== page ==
Back in the day I was a Bulletin Board System (BBS) kid. It all started with a 386SX Packard Bell computer, an external 5200 baud modem and a telephone number. BBS was the thing to do before the internet exploded into the scene. I remember asking my dad, now retired, where we got our modems. He told me that he would ‘borrow’ them from his work . Then, I would ask him why they would come in his lunch box and since then I never had an answer. Despite that mystery, I was in for a treat. In those days, the BBS was simply someone’s computer left on all day in someone’s garage or room where someone would call that computer via telephone number and browse through it using keyboard commands while viewing ANSI graphics. The process was similar to visiting a regular website except that you’d have to call. It was archaic but satisfying for some of the computer geeks that were tired of paying ridiculous subscription costs from Prodigy and Compuserve. I was unaware of how they worked or how they were created. All I cared about was the shareware and the ‘free’ games. It was the underground thing to do at the time while everyone else was busy playing Mindsweeper or Solitaire. I remember tying up the telephone line for hours during evenings to download shareware games from Apogee and Epic Games. I remember being pissed off whenever my sibs or parents would pick up the phone during a five hour download.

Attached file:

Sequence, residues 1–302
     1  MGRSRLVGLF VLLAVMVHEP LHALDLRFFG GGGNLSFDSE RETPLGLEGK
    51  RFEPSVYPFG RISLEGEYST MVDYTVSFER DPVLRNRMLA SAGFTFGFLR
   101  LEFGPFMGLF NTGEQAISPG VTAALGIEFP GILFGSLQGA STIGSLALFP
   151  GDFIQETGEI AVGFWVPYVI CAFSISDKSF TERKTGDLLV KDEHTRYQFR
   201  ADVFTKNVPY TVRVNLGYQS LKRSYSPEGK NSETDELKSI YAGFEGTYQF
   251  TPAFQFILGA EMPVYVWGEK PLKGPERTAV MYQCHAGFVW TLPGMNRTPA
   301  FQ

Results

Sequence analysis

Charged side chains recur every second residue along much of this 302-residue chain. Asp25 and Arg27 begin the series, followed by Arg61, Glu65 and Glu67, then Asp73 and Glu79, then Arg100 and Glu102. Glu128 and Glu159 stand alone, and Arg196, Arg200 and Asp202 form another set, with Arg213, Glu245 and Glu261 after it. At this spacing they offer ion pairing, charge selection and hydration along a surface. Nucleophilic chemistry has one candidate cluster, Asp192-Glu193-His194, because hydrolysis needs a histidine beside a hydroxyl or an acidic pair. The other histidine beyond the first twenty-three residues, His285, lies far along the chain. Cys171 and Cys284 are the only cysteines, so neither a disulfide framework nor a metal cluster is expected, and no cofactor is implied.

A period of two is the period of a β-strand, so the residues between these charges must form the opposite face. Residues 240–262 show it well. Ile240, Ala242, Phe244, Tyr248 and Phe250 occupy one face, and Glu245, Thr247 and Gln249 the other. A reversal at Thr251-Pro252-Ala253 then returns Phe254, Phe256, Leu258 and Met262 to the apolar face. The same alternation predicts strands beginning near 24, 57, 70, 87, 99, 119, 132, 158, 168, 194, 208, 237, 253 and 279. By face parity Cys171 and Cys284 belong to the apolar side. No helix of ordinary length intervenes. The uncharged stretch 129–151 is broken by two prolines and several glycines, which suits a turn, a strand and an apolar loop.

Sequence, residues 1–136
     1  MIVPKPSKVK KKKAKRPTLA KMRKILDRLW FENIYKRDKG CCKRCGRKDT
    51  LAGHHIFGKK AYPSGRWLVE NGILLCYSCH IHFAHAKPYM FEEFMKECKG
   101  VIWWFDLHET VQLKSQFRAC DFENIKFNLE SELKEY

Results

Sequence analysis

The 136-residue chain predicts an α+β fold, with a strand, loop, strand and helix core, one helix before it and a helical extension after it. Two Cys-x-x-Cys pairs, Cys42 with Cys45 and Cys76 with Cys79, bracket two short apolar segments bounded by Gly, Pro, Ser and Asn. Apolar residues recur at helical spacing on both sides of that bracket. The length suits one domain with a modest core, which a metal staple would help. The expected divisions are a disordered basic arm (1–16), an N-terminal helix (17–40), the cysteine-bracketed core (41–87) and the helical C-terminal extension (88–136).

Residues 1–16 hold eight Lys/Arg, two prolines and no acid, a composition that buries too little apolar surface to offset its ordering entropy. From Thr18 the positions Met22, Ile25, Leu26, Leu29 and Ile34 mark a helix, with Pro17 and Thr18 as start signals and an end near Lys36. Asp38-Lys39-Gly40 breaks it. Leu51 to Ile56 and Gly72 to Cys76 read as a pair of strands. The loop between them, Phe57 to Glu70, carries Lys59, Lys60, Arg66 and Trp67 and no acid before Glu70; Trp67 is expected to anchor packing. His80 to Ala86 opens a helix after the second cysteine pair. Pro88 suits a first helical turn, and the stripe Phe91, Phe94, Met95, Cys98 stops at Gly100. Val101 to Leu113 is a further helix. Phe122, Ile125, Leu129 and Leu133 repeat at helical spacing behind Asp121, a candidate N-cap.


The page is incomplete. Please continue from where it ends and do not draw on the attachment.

Whenever I visited a BBS, I would check out the sponsors or referrers which led to more numbers to call. I remember visiting boards such as The K.O.R. Connection or Power BBS which was based in Vallejo, California (San Francisco Bay Area). I even called some long distance BBS numbers in many parts of the United States and ran my parents telephone bill.
Aside from playing old favorites like Commander Keen and Duke Nukem (the original 2D version not 3D), I was also interested in becoming a SySOp – A system operator for a bulletin board. I wanted to create a BBS that people would spend time out of their busy day. I wanted my own dedicated telephone line. I remember my ridiculous idea of wanting several telephone lines for BBS callers so that several people can call without having to wait for another person to hangup. I also remember having a software called Wildcat! BBS which would allow me to create my own board. The whole idea was to have a board that would contain some fictional or non-fictional stories, game reviews and a bunch of tutorials on how to speed up your computer or make MS-DOS batch files. It was an ambitious idea. I even had a friend who had a BBS called Treasure Island which I called often but I was unaware that he was the sysOp. Needless to say, we’re still friends till this day.
Several dotcom startups later with some consulting and contracted programming for the last couple of years, I am now doing exactly what I wanted to do at LazyTechGuys.
Nowadays, there’s alot of stuff this generation of computer users take for granted. Google on smartphones takes away the trivia answers at a bar. Torrents are sharing HD video. Games are now a click away as opposed to several commands at the DOS prompt. I was fond of those days. And even though the internet has changed the face of technology and swept the BBS in one short stroke, what we are experiencing right now is still very young and continues to change not only the way we communicate but our day-to-day lives.
ANSI Gallery and old modems I actually owned